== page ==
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Copper Weathervanes – A Brief History

The copper weathervane has been an important feature in most Australian homes and outdoor structures. It has evolved into a decorative item which can add years of beauty and functionality to your home. A little of its history will be discussed and reviewed.

The original purpose of a weathervane was to indicate the wind direction. However this device which is most commonly produced from copper or brass has evolved over the years. The first weathervane was installed on the Tower of Winds in Athens and was shaped like the Greek god Triton which was a half man, half fish figure.

The figure on this weathervane was four to eight feet long which is substantially larger than most weathervanes today. Throughout history, the copper weathervane has featured unique shapes.

Studio Yellowfin Tuna

The next major phase in the history of copper weathervanes featured a quadrant shaped wind vane with an animal or Norse fable creature on the top. These weathervanes were found in ninth century Viking settlements and on ships. However they can still be found on Swedish and Norwegian churches today.

For almost 1,000 years following a decree from the Pope, weathervanes were required to be installed on every church in Europe which featured a weather cock. This is a rooster shaped device which symbolised Jesus’ statement that the cock would not crow the morning following the Last Supper until the disciple Peter denounced him.

This helped to popularise rooster shaped weathervanes throughout Europe and eventually America. They are still a very common style produced to this day.

As it turns out the first weathervane used in America was a grasshopper shape and was placed on the top of Faneuil Hall in Boston. This figure was produced by the Deacon Shem Drowne who also designed a banner weathervane which was installed on top of the Old North Church as well as a rooster weathervane figure which was installed at the First Church in Cambridge.

Beginning in the early 1800’s weathervane designs featured many patriotic themes. They featured symbols of American freedom including the Goddess of Liberty and the American Eagle. The eagle copper weathervanes remain very popular in current times.

Other designs in the 19th and 20th century included racing horses as well as many figures created with a simplistic silhouette design. Throughout its history, copper weathervanes have remained the material of choice due to their good workability, strength, and corrosion resistance.

By |2020-04-08T20:42:24+10:00May 21st, 2011|Weathervanes|0 Comments

Testimonial: Equatorial Sun Dial At Demassi Flowers

Equatorial Sun Dial. Here is how Anthony Demassi of Horsely Park set up the extra Large sized Equatorial Sun Dial. What a great result He has made a real feature of it mounted on a substantial plinth and shown to advantage on a sea of crushed Pebbles. The result is a real talking point and feature of his terrific garden. Anthony runs Demassi Flowers and is obviously in tune with setting up garden ornaments and features. We like your work!!!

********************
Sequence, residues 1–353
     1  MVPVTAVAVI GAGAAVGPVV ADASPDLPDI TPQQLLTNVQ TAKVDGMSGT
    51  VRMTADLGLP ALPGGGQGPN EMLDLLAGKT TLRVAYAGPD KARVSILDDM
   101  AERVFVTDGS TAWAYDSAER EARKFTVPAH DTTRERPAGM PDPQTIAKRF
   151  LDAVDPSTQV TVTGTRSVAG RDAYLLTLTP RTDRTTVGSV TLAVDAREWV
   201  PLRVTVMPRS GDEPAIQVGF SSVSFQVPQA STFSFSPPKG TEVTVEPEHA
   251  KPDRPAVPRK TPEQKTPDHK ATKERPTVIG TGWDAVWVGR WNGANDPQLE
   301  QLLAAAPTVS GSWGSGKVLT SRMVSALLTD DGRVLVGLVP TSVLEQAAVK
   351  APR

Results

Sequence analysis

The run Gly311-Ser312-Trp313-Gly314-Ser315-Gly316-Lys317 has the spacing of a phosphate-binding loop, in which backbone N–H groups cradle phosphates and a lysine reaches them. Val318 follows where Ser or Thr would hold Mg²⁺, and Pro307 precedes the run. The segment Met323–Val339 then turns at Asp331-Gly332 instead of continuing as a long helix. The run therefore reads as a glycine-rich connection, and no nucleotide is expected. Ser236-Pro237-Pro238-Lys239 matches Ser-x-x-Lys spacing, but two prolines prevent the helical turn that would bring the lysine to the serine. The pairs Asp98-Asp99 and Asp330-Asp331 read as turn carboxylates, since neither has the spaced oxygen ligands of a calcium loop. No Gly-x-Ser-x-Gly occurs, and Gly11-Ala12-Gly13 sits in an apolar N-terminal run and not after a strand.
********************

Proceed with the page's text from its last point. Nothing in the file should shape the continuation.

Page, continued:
Demassi Flowers2

By |2019-05-04T09:33:08+10:00January 21st, 2011|Brass Equatorial Star Sundial, Sun Dials|0 Comments

Testimonial: Magpie Weathervane Victoria

Hi Robert

Just wanted to thank you for the prompt delivery of our Magpie Weather vane. We received it within a couple of days & were very pleased with the service. We have had many admirers of our new Gazebo & the Magpies are a perfect finish. We are Collingwood (AFL magpies) supporters but not necessarily the sort of people who usually go for footy type of merchandise, but this is subtly perfect. We have an 80 year old man next door who is a mad pies supporter & when we called him out the day it went up, his smile was something to see. If you are ever down this way feel free to come & see it.

Thanks again

Betty & Patrick Flynn

Magpie Weathervane

By |2020-04-08T20:45:18+10:00December 4th, 2010|Brass Equatorial Star Sundial, Weathervanes|0 Comments

Testimonial: Banner Weathervane Surry Hills Victoria

Hi Robert

The Banner Weathervane arrived safely yesterday, and I installed it in the afternoon, and also painted the bracket. It looks fantastic! Unfortunately it then started to rain, and is still raining heavily, so I haven’t been able to take any photos. I’ll send some when I can. The size and the design are exactly what I had envisaged, and you have done a superb job of crafting it. I hadn’t expected to be receiving directionals as well. I don’t think the original mediaeval weathervane would have included them. So I left them off when I first installed it – and it looks good like that. But then my wife persuaded me to add the directionals – and it looks good with them too, so I’ve left them on. I am very happy with my Banner Weathervane. Thanks again. You’ve done a great job!

Regards

David

Hi Robert

Thanks for reminding me about the photos. I arranged for a few to be taken yesterday, although it was rather overcast. Here are some of them. As you see, the weathervane looks fantastic.

Thanks again, and regards

David

Banner Weathervane

By |2019-05-04T09:41:11+10:00December 4th, 2010|Brass Equatorial Star Sundial, Weathervanes|0 Comments
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